Sharlot Hall and the Freethought Movement in Prescott

By Bob Harner

Sharlot Hall at age 27, two years after meeting Samuel Porter Putnam (Courtesy Sharlot Hall Museum Research Center, Call #1928.0001.0026)

The January 2, 1895, edition of the Arizona Weekly Journal-Miner featured this notice: “If you fail to attend Putnam’s lectures, you will always regret it. Such treats of reasoning of eloquence of Encyclopedic knowledge, don’t come our way every day.”

The lecturer was Samuel Porter Putnam, a leading advocate for the Freethought movement. A former Unitarian minister, Putnam founded the Freethought Federation of America (which later merged with the American Secular Union) in 1892. Freethought philosophy held that people should rely on their own human reasoning rather than on religious doctrines and beliefs. Putnam frequently traveled the country, delivering lectures and promoting the creation of local Freethought Federation chapters.

Putnam came to Prescott in 1895 at the request of Dr. J. Miller, President of the Arizona Antiquarian Society and a local Freethought believer. Putnam lectured multiple times a week for most of two months, drawing large crowds and angering devout church-goers. A witty and powerful speaker, Putnam attracted both the intellectually curious and those just looking for a good show. By the time he had delivered a few local lectures, the Arizona Weekly Journal-Miner reported that forty Prescott-area residents had joined the Prescott Freethought Federation. At the January 10 lecture, the group adopted a constitution for the local chapter.

Samuel Porter Putnam, popular Freethought writer and lecturer, spent nearly two months in Prescott in 1895 lecturing on the Freethought movement (Public Domain photo)

At the time, Sharlot Hall (who would, in 1928, establish what eventually became the Sharlot Hall Museum) was a 25-year-old ranch woman and aspiring writer. Her personal calendar indicates that she traveled into town to attend Putnam’s lectures. Putnam, who apparently had a habit of befriending young women interested in Freethought, became personally acquainted with Sharlot. She and her father may have had dinner with Putnam at Dr. Miller’s home and Putnam appears to have visited Orchard Ranch, where Sharlot’s family lived.

On January 23, the Arizona Weekly Journal-Miner reported that “The Freethought Federation of Prescott will complete its organization, elect officers and etc.” According to the reports of his Prescott visit that Putnam published in the Truth Seeker (a national Freethought publication), Dr. Miller was elected president, Sharlot was elected one of five vice presidents and the Prescott chapter, by then, numbered 100 members. In a later report, Putnam described Sharlot as a “fearless and gifted exponent of Freethought who has such a brilliant future in the ranks of our Western authors.” Putnam gave Sharlot several Freethought books (primarily ones he had written) and inscribed at least one with a lengthy poem dedicated to her.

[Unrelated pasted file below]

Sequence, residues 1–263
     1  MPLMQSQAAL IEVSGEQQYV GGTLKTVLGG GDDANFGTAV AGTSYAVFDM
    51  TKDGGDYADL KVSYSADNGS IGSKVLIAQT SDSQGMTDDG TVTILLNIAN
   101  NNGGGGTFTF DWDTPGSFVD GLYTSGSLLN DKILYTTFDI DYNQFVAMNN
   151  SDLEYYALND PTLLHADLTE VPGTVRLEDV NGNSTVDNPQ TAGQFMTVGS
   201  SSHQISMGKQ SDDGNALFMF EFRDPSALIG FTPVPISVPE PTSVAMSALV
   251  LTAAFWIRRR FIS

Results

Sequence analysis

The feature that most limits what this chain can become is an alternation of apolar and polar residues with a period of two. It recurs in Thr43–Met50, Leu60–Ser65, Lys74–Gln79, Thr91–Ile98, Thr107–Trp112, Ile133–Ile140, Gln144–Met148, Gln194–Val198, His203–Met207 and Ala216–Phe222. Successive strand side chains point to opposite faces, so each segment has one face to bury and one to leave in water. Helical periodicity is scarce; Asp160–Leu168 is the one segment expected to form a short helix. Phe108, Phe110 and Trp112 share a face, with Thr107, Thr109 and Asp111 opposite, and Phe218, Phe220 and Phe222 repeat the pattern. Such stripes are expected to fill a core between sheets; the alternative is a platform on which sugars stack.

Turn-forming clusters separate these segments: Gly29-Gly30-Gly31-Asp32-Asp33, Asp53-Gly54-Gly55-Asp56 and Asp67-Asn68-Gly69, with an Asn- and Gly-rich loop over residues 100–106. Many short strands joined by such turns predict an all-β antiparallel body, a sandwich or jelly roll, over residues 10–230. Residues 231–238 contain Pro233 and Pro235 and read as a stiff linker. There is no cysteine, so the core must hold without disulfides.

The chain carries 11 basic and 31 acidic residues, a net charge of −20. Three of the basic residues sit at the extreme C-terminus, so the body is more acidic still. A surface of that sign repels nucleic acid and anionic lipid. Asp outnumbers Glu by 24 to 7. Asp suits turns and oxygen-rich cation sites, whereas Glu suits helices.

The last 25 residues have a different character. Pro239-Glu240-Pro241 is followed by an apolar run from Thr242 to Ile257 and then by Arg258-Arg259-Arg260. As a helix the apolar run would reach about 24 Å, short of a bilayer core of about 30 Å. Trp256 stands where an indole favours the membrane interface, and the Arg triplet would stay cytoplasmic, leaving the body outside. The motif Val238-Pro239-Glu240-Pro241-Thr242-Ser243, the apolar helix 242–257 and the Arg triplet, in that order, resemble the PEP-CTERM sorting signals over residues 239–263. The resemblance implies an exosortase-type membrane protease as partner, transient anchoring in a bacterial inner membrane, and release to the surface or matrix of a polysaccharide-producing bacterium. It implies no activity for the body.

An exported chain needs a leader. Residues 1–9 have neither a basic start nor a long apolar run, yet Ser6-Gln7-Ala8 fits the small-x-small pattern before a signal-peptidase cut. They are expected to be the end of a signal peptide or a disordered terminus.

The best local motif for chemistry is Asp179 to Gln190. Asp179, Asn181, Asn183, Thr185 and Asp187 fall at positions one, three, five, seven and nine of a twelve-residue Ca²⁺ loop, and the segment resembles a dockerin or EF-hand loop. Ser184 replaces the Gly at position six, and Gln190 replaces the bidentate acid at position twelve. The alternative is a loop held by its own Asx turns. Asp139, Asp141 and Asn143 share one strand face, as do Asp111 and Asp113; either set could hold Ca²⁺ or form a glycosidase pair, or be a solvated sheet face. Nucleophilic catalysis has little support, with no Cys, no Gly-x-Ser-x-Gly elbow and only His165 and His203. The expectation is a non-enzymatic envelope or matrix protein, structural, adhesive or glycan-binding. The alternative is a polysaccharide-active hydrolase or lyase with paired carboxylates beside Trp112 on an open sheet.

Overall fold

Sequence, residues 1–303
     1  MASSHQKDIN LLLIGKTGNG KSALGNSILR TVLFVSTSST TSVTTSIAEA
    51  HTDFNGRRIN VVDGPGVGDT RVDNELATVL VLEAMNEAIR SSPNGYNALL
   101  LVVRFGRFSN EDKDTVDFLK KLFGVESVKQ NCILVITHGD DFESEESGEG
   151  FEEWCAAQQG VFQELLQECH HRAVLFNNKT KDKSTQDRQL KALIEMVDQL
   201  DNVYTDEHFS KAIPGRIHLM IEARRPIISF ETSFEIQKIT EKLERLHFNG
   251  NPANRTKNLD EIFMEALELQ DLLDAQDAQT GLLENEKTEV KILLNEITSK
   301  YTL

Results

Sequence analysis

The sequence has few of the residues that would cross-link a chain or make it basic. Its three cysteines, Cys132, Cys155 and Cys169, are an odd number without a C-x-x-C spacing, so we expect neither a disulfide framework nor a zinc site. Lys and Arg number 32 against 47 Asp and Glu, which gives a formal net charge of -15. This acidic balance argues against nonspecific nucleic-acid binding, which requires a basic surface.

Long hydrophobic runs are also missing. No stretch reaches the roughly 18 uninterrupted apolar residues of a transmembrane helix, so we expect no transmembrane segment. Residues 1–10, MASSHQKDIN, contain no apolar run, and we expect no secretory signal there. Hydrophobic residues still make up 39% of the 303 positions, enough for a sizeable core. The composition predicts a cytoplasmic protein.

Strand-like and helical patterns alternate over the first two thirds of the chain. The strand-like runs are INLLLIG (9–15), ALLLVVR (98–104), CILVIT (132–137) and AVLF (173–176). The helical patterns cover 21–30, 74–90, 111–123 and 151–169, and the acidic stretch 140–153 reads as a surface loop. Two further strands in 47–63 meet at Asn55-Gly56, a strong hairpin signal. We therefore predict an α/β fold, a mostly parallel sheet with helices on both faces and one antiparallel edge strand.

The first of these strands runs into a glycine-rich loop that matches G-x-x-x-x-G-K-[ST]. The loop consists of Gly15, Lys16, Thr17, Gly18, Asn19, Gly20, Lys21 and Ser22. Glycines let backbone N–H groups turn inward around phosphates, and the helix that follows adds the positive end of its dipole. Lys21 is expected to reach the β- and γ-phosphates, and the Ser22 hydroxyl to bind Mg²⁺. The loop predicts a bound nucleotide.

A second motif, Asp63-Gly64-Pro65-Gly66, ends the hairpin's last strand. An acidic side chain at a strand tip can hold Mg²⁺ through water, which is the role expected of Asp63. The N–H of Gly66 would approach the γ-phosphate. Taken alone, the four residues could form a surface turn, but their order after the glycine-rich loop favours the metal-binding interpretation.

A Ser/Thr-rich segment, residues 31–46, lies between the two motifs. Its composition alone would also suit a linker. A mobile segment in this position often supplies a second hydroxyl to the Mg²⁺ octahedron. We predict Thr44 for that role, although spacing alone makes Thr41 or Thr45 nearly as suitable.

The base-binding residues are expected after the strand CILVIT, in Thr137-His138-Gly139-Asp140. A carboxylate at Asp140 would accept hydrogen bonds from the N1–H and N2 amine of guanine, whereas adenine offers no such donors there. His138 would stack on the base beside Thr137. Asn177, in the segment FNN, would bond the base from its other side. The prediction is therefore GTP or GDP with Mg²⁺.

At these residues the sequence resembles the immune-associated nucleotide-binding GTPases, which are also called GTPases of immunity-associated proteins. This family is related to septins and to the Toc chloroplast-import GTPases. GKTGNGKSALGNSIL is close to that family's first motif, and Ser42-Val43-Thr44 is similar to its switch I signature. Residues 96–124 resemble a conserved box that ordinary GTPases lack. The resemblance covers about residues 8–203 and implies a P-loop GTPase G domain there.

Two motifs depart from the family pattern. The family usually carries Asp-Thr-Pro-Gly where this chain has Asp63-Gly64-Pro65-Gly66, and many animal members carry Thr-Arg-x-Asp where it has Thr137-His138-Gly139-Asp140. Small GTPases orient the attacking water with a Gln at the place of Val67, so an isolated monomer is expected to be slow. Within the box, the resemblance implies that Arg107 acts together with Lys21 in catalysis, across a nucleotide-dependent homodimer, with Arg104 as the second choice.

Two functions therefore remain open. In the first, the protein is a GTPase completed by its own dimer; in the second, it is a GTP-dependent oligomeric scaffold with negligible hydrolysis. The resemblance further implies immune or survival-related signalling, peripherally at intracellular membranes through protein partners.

Dr. J. Miller, leader of the Prescott Freethought Federation (Courtesy Sharlot Hall Museum Research Center, Call #1700.0104.0000)

The February 6 Arizona Weekly Journal-Miner reported on a “memorable” Freethought presentation on Thomas Paine. In addition to speeches by Putnam and Miller, Sharlot also spoke to the crowd. According to the article, “Miss Charlotte [sic] Hall is said to have acquitted herself admirably in an oration on the hero of the evening.”

Putnam left Prescott in February. Sharlot went on to deliver Freethought lectures on March 24 and April 14 and 28, 1895. She and Putnam corresponded frequently in the following months until his somewhat scandalous death in December 1896, when he and a twenty-year-old woman who had begun traveling with him as a fellow lecturer died of a gas leak in the woman’s hotel room. For several years afterward, Sharlot annually published a new poem eulogizing Putnam.

The Freethought movement died out after President McKinley was assassinated by an anarchist in 1901, the movement having become (perhaps unfairly) associated with anarchism. In later years, Sharlot began a personal exploration of various systems of belief, including Rosicrucianism, Theosophy, Spiritualism and Emersonian transcendental philosophy. She eventually became interested in Christian Science. Although she did extensive reading on the subject, she doesn’t appear to have joined any organized Christian Science congregations.

“Days Past” is a collaborative project of the Sharlot Hall Museum and the Prescott Corral of Westerners International ( This and other Days Past articles are also available at The public is encouraged to submit proposed articles and inquiries to Please contact SHM Research Center reference desk at 928-277-2003, or via email at for information or assistance with photo requests.

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